Under the Udala Trees
Granta, Allen & Unwin
24 February 2016
As a woman who likes women*, I can’t tell you how often I’ve set myself up for disappointment in novels. So many times I’ve read protagonists meeting other girls who they immediately like because of their spunk, their beauty, their grace or whatever else. I think, “Ooh, maybe they fall in love!” And they never, never do. Imagine my delight when, in Under the Udala Trees, which has not been marketed at all as a lesbian novel in Australia, our protagonist Ijeoma meets and falls in love with another girl, Amina. My worries about the book, mainly inflicted by the cover marketing, were instantly erased. Continue reading
as The Price of Salt 1951; as Carol 2016
At least in my circles, Todd Haynes’ new film Carol created quite a buzz. After all, it’s still quite a rarity to see a movie about a same sex relationship that doesn’t end in tears. In 1951, when The Price of Salt was first published, it was unheard of, not just in movies but also in books. Censorship, both official and soft, meant publishers were unwilling to produce books about same sex relationships. Pulp lesbian fiction, which because of said censorship ended in death or in the blessed powers of the healing cock, was pretty much it for the ladies. In terms of fiction, men had even less to turn to. Continue reading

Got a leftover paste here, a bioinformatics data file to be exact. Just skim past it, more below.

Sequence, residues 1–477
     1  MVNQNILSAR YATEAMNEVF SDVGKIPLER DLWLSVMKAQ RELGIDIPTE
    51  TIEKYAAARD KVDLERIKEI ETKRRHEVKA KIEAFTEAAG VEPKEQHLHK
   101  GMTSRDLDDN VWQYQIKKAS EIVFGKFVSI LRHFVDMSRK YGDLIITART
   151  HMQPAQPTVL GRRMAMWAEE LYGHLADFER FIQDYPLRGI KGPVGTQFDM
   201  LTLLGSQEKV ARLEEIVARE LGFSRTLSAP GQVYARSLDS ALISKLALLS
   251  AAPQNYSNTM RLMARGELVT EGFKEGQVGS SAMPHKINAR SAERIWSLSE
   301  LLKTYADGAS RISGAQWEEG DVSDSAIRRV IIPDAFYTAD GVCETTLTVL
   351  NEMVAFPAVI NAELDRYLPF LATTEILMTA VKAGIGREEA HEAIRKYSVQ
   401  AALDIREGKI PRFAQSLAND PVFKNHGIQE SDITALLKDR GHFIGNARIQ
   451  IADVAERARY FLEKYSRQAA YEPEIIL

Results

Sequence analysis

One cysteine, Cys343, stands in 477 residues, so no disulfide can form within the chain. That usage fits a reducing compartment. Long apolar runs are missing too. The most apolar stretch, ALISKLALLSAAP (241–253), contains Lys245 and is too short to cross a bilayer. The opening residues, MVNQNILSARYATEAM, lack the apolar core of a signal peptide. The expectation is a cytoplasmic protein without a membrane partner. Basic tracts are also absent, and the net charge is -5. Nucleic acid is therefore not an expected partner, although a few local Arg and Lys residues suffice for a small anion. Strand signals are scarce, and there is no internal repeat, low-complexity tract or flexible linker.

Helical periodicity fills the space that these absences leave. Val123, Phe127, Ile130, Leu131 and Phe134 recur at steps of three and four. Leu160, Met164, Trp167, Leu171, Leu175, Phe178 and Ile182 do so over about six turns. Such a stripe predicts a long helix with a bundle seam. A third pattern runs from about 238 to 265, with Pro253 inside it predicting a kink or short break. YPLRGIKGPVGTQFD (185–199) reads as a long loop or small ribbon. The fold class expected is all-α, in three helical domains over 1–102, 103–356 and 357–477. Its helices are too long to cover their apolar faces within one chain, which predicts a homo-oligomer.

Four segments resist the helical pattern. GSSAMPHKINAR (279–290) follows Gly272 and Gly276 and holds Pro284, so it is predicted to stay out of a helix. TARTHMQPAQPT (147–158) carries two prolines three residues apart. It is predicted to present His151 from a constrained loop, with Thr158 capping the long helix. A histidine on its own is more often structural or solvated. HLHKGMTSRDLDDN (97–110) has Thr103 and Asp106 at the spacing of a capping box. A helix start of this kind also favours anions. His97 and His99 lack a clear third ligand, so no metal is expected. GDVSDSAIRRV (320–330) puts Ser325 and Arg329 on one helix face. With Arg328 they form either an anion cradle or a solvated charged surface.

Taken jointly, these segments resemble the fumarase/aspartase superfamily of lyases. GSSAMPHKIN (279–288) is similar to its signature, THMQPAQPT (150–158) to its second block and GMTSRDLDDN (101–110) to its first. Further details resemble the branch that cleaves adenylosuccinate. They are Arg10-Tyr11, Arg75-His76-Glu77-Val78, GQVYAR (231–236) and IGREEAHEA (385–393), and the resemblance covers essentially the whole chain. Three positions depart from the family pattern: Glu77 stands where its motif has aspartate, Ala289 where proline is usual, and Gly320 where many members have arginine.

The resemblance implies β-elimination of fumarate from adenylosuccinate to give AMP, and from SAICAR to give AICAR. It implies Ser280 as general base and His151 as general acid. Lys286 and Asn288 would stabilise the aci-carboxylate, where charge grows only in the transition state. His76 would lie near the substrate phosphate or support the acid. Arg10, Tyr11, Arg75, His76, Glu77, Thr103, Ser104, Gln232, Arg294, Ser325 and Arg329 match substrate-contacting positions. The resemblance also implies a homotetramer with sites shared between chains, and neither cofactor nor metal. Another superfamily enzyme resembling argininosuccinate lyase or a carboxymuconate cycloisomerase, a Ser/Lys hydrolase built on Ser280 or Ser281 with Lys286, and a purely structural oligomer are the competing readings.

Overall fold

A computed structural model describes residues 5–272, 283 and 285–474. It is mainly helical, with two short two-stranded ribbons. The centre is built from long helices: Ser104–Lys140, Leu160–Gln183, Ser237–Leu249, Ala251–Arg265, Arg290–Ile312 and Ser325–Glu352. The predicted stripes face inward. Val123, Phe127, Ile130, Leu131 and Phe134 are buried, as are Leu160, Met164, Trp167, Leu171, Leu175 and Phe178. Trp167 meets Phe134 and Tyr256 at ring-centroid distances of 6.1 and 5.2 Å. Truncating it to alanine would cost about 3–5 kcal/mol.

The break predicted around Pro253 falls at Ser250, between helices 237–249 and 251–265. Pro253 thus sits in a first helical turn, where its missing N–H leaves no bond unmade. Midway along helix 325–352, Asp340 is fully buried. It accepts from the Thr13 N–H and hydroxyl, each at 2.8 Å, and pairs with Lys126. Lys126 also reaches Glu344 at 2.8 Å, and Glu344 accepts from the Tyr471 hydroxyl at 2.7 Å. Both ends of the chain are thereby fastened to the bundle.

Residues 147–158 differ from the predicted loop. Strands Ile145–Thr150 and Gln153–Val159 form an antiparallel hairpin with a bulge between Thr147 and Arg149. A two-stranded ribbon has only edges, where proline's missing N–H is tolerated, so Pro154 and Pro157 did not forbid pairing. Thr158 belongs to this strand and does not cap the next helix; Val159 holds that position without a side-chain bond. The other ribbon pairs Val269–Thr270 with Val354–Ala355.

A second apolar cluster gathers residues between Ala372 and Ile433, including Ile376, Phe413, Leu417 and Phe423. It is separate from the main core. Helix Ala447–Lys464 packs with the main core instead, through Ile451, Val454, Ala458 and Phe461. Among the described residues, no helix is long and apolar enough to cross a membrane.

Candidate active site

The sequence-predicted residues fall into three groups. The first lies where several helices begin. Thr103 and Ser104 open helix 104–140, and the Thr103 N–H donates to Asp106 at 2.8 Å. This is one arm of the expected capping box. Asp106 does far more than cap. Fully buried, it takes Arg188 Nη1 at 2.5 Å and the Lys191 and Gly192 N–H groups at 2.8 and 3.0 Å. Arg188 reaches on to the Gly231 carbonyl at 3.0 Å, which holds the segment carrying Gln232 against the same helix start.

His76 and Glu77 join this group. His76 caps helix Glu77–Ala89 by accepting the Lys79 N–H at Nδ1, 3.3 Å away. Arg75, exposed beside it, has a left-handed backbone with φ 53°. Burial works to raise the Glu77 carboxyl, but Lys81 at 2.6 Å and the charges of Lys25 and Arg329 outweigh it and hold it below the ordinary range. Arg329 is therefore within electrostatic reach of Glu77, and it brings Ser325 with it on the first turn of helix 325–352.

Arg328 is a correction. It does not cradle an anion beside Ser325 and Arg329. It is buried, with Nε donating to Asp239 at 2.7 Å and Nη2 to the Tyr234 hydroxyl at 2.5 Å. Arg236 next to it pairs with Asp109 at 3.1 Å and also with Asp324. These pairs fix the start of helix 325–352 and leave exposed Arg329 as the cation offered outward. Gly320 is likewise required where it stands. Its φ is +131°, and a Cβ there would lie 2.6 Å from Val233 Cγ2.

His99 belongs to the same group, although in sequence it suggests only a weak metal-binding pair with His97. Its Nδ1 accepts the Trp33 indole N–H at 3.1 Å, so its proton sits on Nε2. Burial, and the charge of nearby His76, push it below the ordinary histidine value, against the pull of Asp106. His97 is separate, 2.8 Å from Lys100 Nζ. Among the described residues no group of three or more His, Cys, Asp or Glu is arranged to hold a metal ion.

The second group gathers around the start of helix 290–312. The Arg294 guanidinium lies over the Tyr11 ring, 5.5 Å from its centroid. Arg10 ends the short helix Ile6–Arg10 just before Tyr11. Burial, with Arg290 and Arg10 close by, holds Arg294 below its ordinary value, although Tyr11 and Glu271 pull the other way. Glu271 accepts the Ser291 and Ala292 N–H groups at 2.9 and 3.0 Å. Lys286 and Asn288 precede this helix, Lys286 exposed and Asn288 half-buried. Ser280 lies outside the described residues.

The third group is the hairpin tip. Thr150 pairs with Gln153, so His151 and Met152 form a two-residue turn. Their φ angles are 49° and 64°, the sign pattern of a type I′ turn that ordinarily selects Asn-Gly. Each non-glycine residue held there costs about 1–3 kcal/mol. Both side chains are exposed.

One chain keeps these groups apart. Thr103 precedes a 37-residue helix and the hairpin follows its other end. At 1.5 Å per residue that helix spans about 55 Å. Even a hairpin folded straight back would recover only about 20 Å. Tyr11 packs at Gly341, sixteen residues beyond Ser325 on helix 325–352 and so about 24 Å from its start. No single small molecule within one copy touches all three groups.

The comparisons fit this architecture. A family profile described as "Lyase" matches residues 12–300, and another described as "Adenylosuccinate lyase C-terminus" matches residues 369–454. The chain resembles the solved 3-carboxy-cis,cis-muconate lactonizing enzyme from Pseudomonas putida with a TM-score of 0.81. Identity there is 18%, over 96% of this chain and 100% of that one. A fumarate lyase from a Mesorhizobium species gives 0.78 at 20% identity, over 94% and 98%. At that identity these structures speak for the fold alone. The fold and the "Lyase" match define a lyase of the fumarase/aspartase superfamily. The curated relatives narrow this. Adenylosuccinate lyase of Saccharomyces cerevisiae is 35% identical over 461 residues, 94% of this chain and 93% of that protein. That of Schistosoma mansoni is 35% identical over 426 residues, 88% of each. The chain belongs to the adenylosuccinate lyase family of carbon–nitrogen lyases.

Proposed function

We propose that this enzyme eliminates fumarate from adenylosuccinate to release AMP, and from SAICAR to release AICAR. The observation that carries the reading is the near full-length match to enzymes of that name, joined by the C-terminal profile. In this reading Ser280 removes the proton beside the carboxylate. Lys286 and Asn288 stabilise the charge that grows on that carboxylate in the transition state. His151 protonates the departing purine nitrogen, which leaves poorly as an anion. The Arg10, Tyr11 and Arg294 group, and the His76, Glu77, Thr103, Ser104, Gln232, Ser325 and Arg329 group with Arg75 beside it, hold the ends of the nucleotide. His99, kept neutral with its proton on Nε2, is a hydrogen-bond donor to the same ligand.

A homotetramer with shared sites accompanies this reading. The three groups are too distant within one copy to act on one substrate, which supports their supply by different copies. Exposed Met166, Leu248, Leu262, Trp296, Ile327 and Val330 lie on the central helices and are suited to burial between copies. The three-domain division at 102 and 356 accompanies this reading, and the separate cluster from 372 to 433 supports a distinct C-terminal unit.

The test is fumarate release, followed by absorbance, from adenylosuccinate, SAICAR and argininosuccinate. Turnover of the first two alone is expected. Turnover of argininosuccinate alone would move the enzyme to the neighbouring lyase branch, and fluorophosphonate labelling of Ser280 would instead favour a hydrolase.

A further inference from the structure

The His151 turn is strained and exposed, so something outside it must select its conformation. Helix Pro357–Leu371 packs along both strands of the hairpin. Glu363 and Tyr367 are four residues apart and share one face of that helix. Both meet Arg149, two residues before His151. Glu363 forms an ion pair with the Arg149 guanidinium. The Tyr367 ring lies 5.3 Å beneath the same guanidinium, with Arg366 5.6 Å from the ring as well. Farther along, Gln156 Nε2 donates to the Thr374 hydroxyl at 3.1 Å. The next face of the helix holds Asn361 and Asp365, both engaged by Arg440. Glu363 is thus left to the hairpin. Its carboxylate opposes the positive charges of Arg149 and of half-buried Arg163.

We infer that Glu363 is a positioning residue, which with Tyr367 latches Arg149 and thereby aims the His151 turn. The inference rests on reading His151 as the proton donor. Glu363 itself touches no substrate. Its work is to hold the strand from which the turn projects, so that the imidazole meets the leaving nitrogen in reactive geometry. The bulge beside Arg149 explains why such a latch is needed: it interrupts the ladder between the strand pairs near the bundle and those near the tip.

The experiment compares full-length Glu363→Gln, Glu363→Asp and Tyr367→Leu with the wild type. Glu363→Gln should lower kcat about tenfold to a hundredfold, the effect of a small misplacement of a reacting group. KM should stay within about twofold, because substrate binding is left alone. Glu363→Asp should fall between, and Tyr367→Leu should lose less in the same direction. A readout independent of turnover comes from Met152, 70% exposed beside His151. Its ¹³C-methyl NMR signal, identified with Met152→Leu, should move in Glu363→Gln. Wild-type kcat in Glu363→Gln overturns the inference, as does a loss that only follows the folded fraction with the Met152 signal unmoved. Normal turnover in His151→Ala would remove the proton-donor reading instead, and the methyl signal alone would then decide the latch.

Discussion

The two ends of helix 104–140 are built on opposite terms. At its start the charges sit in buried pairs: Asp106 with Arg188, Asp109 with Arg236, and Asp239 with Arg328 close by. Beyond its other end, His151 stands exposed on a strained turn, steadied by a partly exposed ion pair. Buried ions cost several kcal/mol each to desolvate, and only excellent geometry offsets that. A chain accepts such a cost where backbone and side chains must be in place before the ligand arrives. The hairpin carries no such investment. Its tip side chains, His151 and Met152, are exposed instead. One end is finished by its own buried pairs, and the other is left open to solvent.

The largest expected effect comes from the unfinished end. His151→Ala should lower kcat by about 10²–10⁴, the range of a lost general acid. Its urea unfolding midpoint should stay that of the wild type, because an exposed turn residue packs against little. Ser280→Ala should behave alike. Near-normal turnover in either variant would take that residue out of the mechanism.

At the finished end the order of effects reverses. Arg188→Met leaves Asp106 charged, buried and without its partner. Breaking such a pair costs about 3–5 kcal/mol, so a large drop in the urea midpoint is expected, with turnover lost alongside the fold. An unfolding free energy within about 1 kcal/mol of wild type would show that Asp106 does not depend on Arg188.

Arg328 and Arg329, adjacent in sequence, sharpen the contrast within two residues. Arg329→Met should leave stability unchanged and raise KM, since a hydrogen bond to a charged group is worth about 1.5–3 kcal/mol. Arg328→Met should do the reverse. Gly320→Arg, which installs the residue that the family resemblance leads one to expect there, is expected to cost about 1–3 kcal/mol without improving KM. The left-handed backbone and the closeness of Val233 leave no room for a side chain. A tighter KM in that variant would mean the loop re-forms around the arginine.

The Belly of the Atlantic
Fatou Diome, trans. Lulu Norman and Ros Schwartz
Fatou Diome’s The Belly of the Atlantic is a passionate story about the dream of migration and its harsh reality. Told from the point of view of Strasbourg resident Salie, the novel nonetheless focuses mostly on her brother Madické. Madické lives on the Senegalese island Niodior and dreams of being headhunted to join a big European soccer team. This dream is shared by many of his friends, persisting despite the warnings of Salie and the teacher Ndétare that neither the road to nor the life in Europe is as good as they believe. Continue reading
The Hen Who Dreamed She Could Fly
Sun-Mi Hwang, trans. Chi-Young Kim
The Hen Who Dreamed She Could Fly is a beloved story in South Korea*, appearing for the first time in English after its initial release in 2000. It follows the chicken Sprout, who has lived her life inside a battery farm and dreams of one day hatching an egg of her very own. She is given up for dead and thrown out. This is when Sprout finally gets the opportunity to fulfil her dream.
Targetted at both adult and child readers, at least in English translation, The Hen Who Dreamed She Could Fly is a simple tale with a complex message. The writing is enchanting, evoking the seasonal changes and the dangers of living in the wilds. The story is concisely told, with drama and adventure in measured doses.
With easy comparisons to Charlotte’s Web and similar such tales, The Hen Who Dreamed She Could Fly is a gentle and enjoyable read.
*According to the author information anyway. Since I don’t speak Korean, know any South Koreans, and have never been to South Korea, I cannot verify this first-hand.
First They Killed my Father
I didn’t much like being in Cambodia the first time I went there in early 2014. Led by the most unbearable tour guide imaginable* in a small group made up mostly of middle-aged Australian couples with whom the only thing I had in common was a nationality, I experienced what in retrospect was most likely culture shock. And for a time I wondered if it was because of the effects of the Khmer Rouge genocide on the country. Such a savage and profound event leaves scars on people who endure it, and on the nation itself.